How to Sort Large Draggable Lists in Your Database

Lexicographical Sorting of Indeterminate List Lengths

Feb 2 · 25 min read

If you are trying to build an extensive list of sortable items, you are probably familiar with issues related to database storage. Having a number indicating an item's place in the list runs into pretty significant efficiency issues as these algorithms are O(n) where n is the number of database updates. Many solutions online use a large number to represent the order due to the in-between spaces. For example, the first position may be 1000, then 2000, etc. This certainly has initial advantages as inserting an item between two existing ones can be done in only a few steps. Unfortunately, this can eventually also lead to O(n) when we consider that a user may eventually get to a state where all of the items in the list are sequential. When considering this problem, there are solutions that allow for finding a midpoint between two existing items without resorting to O(n). The first is using a decimal, as shown in the example here:

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const midPoint = (previous, next) => ((next - previous) / 2) + previous;

export default (previous, next) => {
if (!next && !previous) return 0.5;
if (!next) return midPoint(previous, 1);

if (!previous) return midPoint(0, next);

return midPoint(previous, next);
};

We could start with values between 0 and 1 and implement an algorithm to create an order sequence with O(1). Unfortunately, this is where the good news for this solution ends. The number of decimal places required increases with every three insertions as the midpoint will require adding an extra decimal place. These long decimals can cause issues when preserving order when moving between systems that handle decimals differently, as precision might be lost.

The second solution is a lexicographical order value. This solution is much longer than the decimal one, has more edge cases to account for, but has none of the precision issues. This allows for a more robust solution with more flexibility for handling insertions. Lexicographical order uses strings and ASCII values to replace numbers in data sorting. For a recent solution, we used all letters in capital and lowercase as well as numbers for the lexicographical order. In a similar fashion to the decimal solution, this algorithm begins by recognizing that there are four initial statuses that the insertion may encounter for any order strings previous and next.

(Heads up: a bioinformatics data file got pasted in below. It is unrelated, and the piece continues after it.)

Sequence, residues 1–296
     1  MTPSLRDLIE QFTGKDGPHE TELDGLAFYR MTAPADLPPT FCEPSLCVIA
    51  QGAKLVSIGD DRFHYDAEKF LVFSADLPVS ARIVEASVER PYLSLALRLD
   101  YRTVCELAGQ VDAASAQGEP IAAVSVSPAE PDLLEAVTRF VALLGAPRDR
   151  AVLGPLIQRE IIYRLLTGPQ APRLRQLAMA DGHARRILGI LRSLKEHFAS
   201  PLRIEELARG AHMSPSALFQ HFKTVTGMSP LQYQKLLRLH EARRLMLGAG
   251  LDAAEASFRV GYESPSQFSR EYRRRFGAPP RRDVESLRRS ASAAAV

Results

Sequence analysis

• Empty list: There is no previous value and no next value.

  • Inserting at the end: There is no next value.

  • Inserting at the beginning: There is no previous value.

  • Inserting in between two existing values: previous and next order values exist.

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export default ({ previous, next }) => {
 if (!next && !previous) return 'UUUUU';
 if (!next) return incrementBy(previous, 2);
 if (!previous) return decrementBy(next, 2);
 
const midValue = getMidPoint({ previous, next });
 if (midValue > previous && midValue < next) return midValue;
 if (previous.length > next.length) return handleIncrement(previous);
 if (next.length > previous.length) return decrement(next, false);
 return `${previous}U`;
};

In the above example, the first few lines are fairly self-explanatory. If given no previous or next values, return a string that can be considered a midpoint in the ASCII characters list. If presented with no next value, we increment from the previous position as there are no items after to worry about. If provided with no next, we assume we are adding to the end. In the case of no previous, we can do the same as the prior case by using decrementing instead. The functions of decrementBy and incrementBy will be explained below. The fourth case is the more complicated one. We want to grab the midpoint between previous and next to place the new item. The function for this will also be explained below.

As you can see from the example, this will not always work. There are sets of strings that have no midpoint between them. An example of this might be the string ‘aaaa’ and ‘aaab’. As there is no character between these two strings. We will try incrementing the previous to see if this would return a valid position between the two. In this case, it would not and we would need to try to decrement next. Because they are adjacent and neither incrementing nor decrementing work, the final step of adding a ‘U’ after the previous will return a valid result. The only time adding a U to the end of previous would not work is covered by decrement.

We can now break down increment, handleIncrement and incrementBy. IncrementBy is simply a function that uses increment on a string, jumping x number of characters from the right so as to leave some space in between. The function handleIncrement accounts for some edge cases and the removal of hanging zeros which we will discuss below.

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 const increment = (stringReplace, allowHangingZeros) => {
 const previousLastChar = stringReplace.slice(-1);
 const plcIndex = characters.indexOf(previousLastChar);
 if (stringReplace.length === 1 && plcIndex === characters.length - 1) {
   return null;
 }
 if (plcIndex === characters.length - 1) {
   const prevValue = increment(stringReplace.slice(0, -1), true);